Mafra is a sleepy little town with one big claim to fame: another of the huge monasteries of Portugal was built here between
1717 and 1730. It was ordered by King John V, who spared no expense, employing 52,000 men to do it. The finished building
included a royal palace, which was a primary residence for the kings of Portugal before they were finally overthrown in 1910.

The monks' rooms were sparsely furnished; the king's rooms, not so much.

Included within the monastery were vast kitchens as well as a small hospital.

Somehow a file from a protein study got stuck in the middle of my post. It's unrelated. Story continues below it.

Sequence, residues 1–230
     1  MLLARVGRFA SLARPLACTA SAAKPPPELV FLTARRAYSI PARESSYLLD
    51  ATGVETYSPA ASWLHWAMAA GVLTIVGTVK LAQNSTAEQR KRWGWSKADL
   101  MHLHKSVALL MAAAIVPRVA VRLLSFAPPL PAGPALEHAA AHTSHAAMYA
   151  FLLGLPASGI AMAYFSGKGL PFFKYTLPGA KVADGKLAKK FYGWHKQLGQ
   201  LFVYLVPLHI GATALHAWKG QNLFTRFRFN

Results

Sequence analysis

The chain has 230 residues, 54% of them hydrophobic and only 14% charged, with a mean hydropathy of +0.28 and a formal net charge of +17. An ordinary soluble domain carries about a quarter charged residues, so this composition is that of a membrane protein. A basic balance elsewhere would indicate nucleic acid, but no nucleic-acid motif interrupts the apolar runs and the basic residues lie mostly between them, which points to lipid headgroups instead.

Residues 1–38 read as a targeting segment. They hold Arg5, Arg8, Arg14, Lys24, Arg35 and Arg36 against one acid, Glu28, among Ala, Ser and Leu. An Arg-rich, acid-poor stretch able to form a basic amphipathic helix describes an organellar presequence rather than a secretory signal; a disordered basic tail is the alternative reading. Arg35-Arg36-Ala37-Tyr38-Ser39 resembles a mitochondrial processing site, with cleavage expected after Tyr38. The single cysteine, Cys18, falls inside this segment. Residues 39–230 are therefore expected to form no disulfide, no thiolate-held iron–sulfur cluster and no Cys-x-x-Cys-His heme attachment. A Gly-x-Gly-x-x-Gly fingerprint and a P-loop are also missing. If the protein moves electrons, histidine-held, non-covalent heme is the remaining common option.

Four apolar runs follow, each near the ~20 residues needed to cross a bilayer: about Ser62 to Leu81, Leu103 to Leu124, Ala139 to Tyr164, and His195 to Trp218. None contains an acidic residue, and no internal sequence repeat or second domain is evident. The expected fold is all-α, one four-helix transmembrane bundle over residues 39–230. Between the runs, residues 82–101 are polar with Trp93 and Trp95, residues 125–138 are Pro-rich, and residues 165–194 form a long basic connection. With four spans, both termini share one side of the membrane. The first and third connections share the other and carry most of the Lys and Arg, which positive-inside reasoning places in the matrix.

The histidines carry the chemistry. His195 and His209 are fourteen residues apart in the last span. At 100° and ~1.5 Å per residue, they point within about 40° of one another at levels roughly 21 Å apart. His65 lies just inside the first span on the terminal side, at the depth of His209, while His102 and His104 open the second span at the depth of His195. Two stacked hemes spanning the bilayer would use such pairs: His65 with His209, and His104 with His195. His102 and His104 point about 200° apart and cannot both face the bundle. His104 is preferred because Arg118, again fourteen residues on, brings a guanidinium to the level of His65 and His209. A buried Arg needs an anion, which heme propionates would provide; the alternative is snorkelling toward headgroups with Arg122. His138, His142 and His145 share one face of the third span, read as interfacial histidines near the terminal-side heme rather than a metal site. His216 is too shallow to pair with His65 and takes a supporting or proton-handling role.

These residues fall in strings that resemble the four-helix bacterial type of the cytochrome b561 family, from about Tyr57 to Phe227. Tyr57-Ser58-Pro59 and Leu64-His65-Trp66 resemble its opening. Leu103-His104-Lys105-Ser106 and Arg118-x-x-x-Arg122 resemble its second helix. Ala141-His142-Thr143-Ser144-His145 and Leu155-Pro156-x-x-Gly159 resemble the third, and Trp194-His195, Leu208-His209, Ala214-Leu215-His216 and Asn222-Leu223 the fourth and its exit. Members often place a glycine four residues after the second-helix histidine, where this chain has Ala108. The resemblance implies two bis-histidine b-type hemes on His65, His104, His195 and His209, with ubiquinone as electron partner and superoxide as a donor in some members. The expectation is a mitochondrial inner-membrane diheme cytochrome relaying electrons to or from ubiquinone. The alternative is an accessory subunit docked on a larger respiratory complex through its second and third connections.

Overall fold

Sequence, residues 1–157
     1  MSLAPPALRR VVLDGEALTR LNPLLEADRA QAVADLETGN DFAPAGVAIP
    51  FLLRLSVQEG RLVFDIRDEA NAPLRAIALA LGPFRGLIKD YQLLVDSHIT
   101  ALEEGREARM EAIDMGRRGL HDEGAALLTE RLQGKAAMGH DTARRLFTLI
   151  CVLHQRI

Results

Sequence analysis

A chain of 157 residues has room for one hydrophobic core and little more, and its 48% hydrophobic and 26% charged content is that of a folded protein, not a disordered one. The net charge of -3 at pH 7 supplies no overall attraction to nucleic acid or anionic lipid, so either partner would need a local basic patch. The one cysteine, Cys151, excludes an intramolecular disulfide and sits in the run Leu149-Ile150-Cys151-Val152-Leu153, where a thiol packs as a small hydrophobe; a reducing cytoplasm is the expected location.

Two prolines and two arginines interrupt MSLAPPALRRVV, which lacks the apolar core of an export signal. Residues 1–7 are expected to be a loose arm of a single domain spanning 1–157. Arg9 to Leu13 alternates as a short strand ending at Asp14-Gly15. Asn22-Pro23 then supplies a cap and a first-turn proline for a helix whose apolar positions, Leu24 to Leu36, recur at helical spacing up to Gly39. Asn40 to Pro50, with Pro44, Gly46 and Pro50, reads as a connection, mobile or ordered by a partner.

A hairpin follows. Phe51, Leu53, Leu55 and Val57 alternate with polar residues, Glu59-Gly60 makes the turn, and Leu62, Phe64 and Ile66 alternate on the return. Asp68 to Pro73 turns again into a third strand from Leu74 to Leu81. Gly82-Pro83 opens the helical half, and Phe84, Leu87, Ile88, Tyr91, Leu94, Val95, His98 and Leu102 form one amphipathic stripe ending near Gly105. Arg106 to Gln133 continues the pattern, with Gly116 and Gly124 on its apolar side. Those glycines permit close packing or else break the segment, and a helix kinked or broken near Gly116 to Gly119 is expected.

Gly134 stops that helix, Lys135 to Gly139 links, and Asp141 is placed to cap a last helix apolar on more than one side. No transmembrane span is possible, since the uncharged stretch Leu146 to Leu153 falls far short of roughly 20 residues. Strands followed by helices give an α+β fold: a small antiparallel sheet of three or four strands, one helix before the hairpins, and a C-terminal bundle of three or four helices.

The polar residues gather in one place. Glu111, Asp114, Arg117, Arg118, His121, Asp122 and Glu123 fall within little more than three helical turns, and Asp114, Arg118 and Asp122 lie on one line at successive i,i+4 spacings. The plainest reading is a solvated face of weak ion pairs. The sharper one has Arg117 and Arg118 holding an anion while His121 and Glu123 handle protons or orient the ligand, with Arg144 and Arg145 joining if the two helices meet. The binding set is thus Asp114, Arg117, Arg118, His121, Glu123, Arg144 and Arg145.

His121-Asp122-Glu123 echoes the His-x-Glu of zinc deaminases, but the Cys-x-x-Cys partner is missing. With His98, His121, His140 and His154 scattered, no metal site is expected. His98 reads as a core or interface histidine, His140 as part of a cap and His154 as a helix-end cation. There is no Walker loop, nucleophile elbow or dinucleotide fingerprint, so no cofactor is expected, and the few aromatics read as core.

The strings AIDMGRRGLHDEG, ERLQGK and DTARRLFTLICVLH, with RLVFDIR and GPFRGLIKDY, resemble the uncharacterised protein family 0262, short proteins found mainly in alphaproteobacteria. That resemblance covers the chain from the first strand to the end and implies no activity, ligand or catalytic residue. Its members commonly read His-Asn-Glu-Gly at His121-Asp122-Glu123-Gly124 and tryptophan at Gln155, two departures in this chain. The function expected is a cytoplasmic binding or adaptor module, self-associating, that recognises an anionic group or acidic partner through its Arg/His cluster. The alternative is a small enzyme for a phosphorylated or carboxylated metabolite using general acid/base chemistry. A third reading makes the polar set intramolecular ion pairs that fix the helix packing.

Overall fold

One of the king's rooms had a hunting theme, and included an early pinball machine.

One of the glories of the Marfa palace monastery is its enormous baroque library, which contains over 40,000 books.

Marfa is close to the coast, and not far from the point called Cabo da Roca, which marks the westernmost part of continental Europe.

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